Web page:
A U.S. man has been arrested for teaching North Korea about blockchain. According to a press release, Virgil Griffith – a resident of Singapore but a citizen of the United States – has been charged with violating international restrictions by traveling to North Korea and providing a lecture and advice regarding blockchain technology and how it can be used to violate present sanctions.
North Korea: Using Blockchain for Illicit Purposes?
North Korea, a nuclear state, has had a very controversial relationship with cryptocurrency in the past. The country has been accused of engaging in cyberattacks on South Korea and neighboring regions as a means of garnering cryptocurrency. It has also been accused of utilizing digital funds to empower its nuclear program.
The country is home to some of the world’s biggest digital hacking and theft groups including Lazarus.
FBI assistant director William F. Sweeney Jr. issued a statement regarding Griffith’s detainment, claiming:
Mr. Griffith allegedly traveled to North Korea without permission from the federal government and with knowledge that what he was doing was against the law. We cannot allow anyone to evade sanctions because the consequences of North Korea obtaining funding, technology and information to further its desire to build nuclear weapons puts the world at risk. It’s even more egregious that a U.S. citizen allegedly chose to aid our adversary.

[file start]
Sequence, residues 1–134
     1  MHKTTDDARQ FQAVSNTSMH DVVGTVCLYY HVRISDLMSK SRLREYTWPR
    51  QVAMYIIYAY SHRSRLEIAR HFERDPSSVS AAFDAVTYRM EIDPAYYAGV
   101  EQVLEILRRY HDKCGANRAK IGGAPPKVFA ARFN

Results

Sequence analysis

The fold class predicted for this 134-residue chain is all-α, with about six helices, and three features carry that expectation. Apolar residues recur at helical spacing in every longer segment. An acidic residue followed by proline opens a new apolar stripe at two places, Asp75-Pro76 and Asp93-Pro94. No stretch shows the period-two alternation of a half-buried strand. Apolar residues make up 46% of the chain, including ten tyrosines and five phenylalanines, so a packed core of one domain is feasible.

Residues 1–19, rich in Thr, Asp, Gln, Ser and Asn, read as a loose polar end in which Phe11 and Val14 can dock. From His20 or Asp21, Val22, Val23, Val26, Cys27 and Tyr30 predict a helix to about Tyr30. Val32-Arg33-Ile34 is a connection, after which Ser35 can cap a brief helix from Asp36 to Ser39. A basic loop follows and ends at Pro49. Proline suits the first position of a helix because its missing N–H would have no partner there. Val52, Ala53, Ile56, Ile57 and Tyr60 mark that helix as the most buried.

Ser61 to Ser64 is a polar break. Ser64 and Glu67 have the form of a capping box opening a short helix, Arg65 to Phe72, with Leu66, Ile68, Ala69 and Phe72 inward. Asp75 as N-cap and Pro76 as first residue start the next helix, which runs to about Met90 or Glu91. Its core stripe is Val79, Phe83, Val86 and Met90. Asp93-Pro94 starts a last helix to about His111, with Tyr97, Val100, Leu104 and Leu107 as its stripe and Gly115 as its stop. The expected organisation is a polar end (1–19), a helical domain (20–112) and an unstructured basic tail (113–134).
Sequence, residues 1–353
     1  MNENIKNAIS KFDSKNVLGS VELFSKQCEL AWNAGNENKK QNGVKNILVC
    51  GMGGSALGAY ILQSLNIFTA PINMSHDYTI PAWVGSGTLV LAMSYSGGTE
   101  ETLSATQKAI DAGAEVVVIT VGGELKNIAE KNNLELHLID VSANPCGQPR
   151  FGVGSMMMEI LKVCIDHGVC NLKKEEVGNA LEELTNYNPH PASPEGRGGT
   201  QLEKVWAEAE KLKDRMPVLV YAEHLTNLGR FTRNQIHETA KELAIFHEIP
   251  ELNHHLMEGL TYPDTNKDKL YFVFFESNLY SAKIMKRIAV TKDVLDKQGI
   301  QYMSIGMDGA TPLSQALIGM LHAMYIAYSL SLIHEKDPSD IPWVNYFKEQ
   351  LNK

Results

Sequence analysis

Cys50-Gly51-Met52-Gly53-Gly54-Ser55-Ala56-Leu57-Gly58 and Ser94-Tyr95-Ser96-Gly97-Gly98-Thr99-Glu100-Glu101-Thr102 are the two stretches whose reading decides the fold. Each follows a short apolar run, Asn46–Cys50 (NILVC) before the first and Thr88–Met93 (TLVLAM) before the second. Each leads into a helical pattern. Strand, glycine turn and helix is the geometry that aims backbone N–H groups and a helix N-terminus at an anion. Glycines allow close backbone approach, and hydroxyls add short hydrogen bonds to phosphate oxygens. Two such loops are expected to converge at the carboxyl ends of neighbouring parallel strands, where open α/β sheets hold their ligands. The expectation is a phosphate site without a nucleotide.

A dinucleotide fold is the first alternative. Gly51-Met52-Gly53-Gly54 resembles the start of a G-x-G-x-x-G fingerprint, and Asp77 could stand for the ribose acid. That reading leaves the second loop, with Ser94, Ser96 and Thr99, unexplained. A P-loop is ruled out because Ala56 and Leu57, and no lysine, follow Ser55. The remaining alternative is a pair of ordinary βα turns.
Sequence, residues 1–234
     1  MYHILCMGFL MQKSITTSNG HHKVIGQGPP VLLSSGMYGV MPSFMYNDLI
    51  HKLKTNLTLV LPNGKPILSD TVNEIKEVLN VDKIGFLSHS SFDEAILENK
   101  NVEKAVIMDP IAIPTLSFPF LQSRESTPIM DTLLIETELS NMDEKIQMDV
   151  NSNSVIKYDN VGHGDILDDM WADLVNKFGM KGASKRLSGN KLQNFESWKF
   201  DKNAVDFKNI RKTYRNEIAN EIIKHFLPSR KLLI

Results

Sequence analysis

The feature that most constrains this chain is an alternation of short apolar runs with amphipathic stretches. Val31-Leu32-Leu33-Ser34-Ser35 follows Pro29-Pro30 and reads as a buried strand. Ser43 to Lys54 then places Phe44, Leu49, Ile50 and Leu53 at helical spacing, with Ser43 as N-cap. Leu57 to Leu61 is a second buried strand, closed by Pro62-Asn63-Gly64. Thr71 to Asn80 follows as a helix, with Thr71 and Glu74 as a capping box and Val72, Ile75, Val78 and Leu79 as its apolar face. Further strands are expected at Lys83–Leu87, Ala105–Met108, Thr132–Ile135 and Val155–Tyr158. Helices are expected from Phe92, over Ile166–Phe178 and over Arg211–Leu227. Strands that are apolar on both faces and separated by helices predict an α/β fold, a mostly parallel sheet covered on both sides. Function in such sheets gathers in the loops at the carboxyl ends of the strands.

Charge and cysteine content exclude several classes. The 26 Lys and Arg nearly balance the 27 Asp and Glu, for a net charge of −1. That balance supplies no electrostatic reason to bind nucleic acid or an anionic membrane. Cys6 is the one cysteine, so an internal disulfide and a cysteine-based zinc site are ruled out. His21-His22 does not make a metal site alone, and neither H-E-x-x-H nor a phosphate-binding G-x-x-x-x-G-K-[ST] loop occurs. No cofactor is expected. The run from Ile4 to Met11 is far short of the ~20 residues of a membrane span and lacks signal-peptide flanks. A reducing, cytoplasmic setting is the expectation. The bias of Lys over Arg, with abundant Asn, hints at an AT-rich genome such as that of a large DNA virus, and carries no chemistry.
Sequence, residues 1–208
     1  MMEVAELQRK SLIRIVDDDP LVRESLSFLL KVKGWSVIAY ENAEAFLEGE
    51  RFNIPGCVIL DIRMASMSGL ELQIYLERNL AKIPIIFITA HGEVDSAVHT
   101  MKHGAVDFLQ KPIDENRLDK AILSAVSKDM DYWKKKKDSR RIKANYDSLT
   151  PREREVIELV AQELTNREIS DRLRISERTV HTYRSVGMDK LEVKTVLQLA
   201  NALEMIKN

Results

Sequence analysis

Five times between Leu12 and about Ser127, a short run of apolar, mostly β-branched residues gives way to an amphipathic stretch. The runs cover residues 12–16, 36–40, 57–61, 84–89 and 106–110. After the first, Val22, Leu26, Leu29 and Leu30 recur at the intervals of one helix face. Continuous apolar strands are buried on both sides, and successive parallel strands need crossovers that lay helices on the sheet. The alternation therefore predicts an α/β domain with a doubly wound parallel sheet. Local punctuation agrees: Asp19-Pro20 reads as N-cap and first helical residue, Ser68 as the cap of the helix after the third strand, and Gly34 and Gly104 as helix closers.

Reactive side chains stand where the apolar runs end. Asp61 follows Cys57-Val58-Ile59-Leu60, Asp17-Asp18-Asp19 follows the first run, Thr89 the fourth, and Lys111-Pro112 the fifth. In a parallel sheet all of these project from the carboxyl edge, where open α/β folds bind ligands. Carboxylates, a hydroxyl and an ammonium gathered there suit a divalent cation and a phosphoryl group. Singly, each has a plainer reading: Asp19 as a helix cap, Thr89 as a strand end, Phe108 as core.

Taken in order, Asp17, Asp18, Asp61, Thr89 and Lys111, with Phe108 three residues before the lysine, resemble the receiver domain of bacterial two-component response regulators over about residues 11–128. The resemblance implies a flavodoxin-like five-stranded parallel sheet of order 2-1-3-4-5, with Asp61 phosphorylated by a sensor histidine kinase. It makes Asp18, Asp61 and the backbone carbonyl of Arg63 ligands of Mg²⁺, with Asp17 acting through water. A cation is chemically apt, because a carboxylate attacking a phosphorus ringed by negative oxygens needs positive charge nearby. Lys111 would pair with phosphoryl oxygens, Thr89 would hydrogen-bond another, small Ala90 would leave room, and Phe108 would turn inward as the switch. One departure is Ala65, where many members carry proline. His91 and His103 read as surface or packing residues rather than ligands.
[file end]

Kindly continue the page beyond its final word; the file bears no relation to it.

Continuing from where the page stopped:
The culprit allegedly traveled to North Korea last April to attend and speak at the Pyongyang Blockchain and Cryptocurrency Conference. The U.S. had denied Griffith’s request to travel to the sanctioned country, though he chose to attend despite the refusal. He also chose to provide the country and its attendees with information and products that could have potentially be utilized against the United States and its allies.
John Demers, assistant attorney general, explained the following:
Despite receiving warnings not to go, Griffith allegedly traveled to one of the United States’ foremost adversaries, North Korea, where he taught his audience how to use blockchain technology to evade sanctions. By this complaint, we begin the process of seeking justice for such conduct.
Several nations that have presented enemy ideologies towards the United States are presently facing specific sanctions, and many have turned to crypto as a result. Venezuela, for example, has sought the Petro as a means of avoiding all future sanctions, though for the most part, the digital coin has failed to catch on as either a means of payment or even as a speculative tool.
Iran and Russia, as well, have examined the possibilities of creating their own digital currencies as means of avoiding U.S. sanctions.
The rules pertaining to delivering information and data to North Korea have been in place since 2008. Griffith was arrested on Thanksgiving at Los Angeles International Airport (LAX). His case will be handled by the Department of Justice’s terrorism and international narcotics unit.